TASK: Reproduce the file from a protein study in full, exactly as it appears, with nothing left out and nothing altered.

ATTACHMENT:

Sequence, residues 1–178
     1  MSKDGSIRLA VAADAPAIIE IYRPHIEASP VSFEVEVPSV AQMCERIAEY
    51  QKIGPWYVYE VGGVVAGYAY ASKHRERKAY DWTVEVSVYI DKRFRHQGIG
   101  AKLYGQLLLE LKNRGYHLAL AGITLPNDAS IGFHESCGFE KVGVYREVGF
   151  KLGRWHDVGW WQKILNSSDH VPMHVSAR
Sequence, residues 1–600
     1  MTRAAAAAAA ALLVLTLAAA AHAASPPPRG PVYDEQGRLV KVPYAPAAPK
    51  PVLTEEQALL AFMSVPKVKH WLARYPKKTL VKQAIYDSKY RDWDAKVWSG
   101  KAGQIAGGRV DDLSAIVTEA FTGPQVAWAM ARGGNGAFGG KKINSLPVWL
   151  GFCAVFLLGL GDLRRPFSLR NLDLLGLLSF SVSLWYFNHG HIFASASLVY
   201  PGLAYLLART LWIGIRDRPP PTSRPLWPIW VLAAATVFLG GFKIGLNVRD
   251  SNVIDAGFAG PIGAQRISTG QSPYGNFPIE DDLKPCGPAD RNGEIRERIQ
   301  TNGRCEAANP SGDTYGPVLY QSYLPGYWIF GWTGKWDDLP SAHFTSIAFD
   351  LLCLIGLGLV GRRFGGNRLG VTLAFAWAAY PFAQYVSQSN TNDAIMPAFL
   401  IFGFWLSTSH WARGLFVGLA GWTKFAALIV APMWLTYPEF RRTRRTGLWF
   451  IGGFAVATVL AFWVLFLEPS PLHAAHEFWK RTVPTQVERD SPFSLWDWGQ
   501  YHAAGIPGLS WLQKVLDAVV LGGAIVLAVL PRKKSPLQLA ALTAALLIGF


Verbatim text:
Sequence, residues 1–178
     1  MSKDGSIRLA VAADAPAIIE IYRPHIEASP VSFEVEVPSV AQMCERIAEY
    51  QKIGPWYVYE VGGVVAGYAY ASKHRERKAY DWTVEVSVYI DKRFRHQGIG
   101  AKLYGQLLLE LKNRGYHLAL AGITLPNDAS IGFHESCGFE KVGVYREVGF
   151  KLGRWHDVGW WQKILNSSDH VPMHVSAR
Sequence, residues 1–600
     1  MTRAAAAAAA ALLVLTLAAA AHAASPPPRG PVYDEQGRLV KVPYAPAAPK
    51  PVLTEEQALL AFMSVPKVKH WLARYPKKTL VKQAIYDSKY RDWDAKVWSG
   101  KAGQIAGGRV DDLSAIVTEA FTGPQVAWAM ARGGNGAFGG KKINSLPVWL
   151  GFCAVFLLGL GDLRRPFSLR NLDLLGLLSF SVSLWYFNHG HIFASASLVY
   201  PGLAYLLART LWIGIRDRPP PTSRPLWPIW VLAAATVFLG GFKIGLNVRD
   251  SNVIDAGFAG PIGAQRISTG QSPYGNFPIE DDLKPCGPAD RNGEIRERIQ
   301  TNGRCEAANP SGDTYGPVLY QSYLPGYWIF GWTGKWDDLP SAHFTSIAFD
   351  LLCLIGLGLV GRRFGGNRLG VTLAFAWAAY PFAQYVSQSN TNDAIMPAFL
   401  IFGFWLSTSH WARGLFVGLA GWTKFAALIV APMWLTYPEF RRTRRTGLWF
   451  IGGFAVATVL AFWVLFLEPS PLHAAHEFWK RTVPTQVERD SPFSLWDWGQ
   501  YHAAGIPGLS WLQKVLDAVV LGGAIVLAVL PRKKSPLQLA ALTAALLIGF